United Kingdom (London)
The community-powered organisation keeps over 8 thousand Black women gamers safe online and advocates for diversity, inclusion and equity in the gaming industry.
Born and raised in London, influencer Jay-Ann Lopez loves beauty, music, and games. Her uncle gave her a Nintendo when she was 6 and before she knew it, she was hooked. Over the years, she’s had a PS1, PS2, and an Xbox. And she started PC gaming.
Yet a sore lack of representation and the continued exposure to misogynoir with racist and sexist trolls around every corner forced her to stop playing online for a long time.
The combination of sexism and racism directed towards black women
Until she decided to do something about it. As she told Spotify:
“It wasn’t a need that I saw. It was a need that I experienced.”
In 2015, she started Black Girl Gamers (BGG), originally a Facebook group where Black women could unite and share their passion for games. The need for safe online spaces was clearly felt by the community — the high-demand page now counts over 8 thousand members and quite the wait time for acceptance.
Yet Jay-Ann’s goal was always to promote 360-degree diversity in the gaming industry and to heighten the visibility of Black women gamers. And that goes well beyond Facebook.
She writes that in their infancy, video games were just a new way for broad audiences to play and have fun. “But after the video game crash in the 1980s, the industry essentially said, ‘Fuck it, let’s just focus on white men and boys.’”
She isn’t wrong. A 2014 study found that only 3% of video game protagonists were Black or Asian and while things are slowly improving, there’s still a long way to go. A 2021 analysis concluded that only 8.3% of main characters in the highest selling games are women of non-white ethnicities.
87% of game developers may say that “diversity in game content” is “very important” or “somewhat important,” but diversity seems hard to achieve when 72% of developers in the US are white and the highest-paid gamers are white men.
After hosting panels at PAX East and the Victoria and Albert Museum, BGG started running in-person events. In 2020, Jay-Ann teamed up with Stephanie Ijoma, founder of Nnesaga, to launch Gamer Girls Night In (GGNI), the free to attend, first-ever UK gaming event built and curated from a female perspective.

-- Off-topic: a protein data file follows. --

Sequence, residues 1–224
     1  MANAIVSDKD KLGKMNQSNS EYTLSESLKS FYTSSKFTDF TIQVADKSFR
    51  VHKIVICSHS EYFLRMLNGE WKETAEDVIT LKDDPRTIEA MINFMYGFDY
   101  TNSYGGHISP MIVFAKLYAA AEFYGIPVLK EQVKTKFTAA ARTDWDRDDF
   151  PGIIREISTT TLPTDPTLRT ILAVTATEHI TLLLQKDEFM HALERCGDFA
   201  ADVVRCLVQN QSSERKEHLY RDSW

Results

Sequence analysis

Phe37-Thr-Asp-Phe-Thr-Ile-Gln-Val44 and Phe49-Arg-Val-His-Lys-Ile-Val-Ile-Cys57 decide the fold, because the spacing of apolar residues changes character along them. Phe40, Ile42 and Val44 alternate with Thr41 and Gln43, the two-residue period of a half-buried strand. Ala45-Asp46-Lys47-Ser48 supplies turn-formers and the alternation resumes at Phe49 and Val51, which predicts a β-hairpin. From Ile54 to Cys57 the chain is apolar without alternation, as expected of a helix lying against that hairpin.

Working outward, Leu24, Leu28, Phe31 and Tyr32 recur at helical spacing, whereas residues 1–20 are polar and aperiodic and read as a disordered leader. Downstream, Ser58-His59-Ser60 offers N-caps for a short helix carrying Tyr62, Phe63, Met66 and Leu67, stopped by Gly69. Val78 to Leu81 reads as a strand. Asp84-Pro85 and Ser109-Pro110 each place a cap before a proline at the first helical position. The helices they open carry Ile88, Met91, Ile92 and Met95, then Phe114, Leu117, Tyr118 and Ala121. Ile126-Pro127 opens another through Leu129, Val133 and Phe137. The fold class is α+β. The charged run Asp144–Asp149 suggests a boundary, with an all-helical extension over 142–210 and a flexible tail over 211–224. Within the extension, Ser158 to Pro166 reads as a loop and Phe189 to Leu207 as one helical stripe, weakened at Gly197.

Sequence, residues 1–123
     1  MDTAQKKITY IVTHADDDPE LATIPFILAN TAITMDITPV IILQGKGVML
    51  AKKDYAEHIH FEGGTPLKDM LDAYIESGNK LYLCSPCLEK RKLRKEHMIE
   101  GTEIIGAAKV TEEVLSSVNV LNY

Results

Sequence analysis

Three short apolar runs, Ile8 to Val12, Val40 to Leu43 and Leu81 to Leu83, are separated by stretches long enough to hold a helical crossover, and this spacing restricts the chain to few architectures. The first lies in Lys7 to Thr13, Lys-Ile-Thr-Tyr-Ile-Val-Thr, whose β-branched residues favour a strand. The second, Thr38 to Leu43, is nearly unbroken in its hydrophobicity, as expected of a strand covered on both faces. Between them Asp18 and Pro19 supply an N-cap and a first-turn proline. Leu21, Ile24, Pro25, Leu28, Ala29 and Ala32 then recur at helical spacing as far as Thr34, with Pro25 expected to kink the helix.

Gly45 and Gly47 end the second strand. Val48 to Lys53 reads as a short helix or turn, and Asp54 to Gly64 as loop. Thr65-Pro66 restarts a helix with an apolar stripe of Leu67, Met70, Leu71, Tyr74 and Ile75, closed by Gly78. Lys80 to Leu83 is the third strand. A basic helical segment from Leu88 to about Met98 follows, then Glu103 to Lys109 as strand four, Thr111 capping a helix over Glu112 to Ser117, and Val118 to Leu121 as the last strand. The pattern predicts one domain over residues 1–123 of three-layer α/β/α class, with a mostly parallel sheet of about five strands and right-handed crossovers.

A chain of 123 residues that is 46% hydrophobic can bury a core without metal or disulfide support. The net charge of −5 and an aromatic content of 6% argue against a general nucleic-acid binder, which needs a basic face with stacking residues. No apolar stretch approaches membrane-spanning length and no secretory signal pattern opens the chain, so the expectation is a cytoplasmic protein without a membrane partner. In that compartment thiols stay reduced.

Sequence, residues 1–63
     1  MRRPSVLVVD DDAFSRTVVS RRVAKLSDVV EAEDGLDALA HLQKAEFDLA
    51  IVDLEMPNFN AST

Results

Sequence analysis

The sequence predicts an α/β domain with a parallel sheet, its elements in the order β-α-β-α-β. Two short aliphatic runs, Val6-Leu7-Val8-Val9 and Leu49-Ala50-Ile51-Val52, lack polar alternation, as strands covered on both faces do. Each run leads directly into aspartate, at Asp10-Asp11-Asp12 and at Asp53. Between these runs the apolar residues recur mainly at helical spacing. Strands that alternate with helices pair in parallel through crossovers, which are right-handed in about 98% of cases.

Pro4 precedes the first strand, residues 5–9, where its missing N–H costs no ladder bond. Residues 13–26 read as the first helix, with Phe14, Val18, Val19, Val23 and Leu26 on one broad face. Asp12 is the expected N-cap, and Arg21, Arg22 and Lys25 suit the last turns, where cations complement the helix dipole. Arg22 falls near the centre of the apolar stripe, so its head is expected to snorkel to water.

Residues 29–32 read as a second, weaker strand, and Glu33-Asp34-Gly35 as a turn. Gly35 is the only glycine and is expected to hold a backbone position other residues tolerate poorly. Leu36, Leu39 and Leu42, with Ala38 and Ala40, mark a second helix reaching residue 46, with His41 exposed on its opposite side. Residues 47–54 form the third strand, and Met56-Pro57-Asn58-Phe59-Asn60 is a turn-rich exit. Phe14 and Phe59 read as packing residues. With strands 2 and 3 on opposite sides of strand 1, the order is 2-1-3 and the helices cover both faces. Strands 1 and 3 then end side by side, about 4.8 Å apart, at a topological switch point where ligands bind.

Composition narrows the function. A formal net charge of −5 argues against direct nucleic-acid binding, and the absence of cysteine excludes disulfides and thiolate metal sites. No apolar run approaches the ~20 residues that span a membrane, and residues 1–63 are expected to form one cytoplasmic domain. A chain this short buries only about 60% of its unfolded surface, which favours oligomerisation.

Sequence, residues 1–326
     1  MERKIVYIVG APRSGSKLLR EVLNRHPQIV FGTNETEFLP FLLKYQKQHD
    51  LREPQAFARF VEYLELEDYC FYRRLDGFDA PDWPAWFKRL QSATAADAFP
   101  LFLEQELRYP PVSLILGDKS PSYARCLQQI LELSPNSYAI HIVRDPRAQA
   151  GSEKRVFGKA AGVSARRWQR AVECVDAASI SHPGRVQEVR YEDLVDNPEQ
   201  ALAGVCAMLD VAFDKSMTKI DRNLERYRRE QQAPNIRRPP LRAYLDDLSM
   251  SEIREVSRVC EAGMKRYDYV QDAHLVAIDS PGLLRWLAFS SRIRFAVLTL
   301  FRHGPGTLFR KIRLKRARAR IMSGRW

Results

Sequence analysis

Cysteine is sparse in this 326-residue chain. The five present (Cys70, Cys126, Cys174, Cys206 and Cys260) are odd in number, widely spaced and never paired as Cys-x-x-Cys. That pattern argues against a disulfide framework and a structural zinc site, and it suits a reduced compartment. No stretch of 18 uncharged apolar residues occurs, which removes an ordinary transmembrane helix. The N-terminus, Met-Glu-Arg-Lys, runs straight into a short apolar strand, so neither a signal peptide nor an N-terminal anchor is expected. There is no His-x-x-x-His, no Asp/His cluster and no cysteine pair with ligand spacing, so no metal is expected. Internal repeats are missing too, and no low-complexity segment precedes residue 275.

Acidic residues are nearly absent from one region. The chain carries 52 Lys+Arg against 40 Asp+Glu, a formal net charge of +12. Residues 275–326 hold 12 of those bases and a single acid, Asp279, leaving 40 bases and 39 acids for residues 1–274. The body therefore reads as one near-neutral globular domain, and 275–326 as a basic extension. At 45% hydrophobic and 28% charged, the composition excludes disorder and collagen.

At GGNI, gamers could find plenty of panels to hear from diverse women from all areas of the industry. There were PlayStation arcade booths, cosplayers, tournaments, gaming-inspired food and cocktail stations, and nail technicians. It was a success. As Jay-Ann told Techradar:
“There are women — not all women — but there are women who like to get their nails done, and have a little drink and a little turn-up. Why can’t we merge those things? All the gaming events are made from this stupid template that was made from a male perspective.”
BGG is now a community-powered business that offers IRL events, workshops, consulting and mentorship opportunities. Its Twitch channel has over 36 thousand followers and 184 team members, and brought the same inclusive values that inspired the Facebook page to the live streaming platform:
“No racism, anti-LGBTQA or ableism, hate speech or sexism is permitted here. Our ban hand is strong. You have been warned.” — BGG
As BGG creators and streamers were seeing their visibility increase, some struggled to take advantage of new opportunities and negotiate deals with brands. “So we created the solution”, says Jay-Ann. “In addition to conferences, workshops, mentorships and consulting, Black Girl Gamers now runs its own talent agency for Black women gamers, a first in the industry. We have brokered women for TV shows, podcasts, and partnerships with brands like H&M, Anastasia Beverly Hills, Captain Morgan, and Netflix.”
Jay-Ann was named MCV Women in Games Campaigner of the Year in 2019 and won the Black In Tech Gaming Award in 2020. The same year, Twitch asked BGG to host an online summit to address issues faced by Black women content creators. Panellists discussed anything from non-stereotypical voice acting to networking tips.
Although these are big wins to bring home, the game is far from over. The influencer and CEO writes that as the industry moves ‘at tortoise pace’, the community is still the one doing most of the work and ‘closing the gaps’:
“Black women are taking their spot in gaming for themselves.”
AtlasAction: Want to connect with fellow Black women over games? Join the largest gaming safe space for Black women in the world and meet the BGG gamers, developers, and streamers.
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Jay-Ann Lopez, founder
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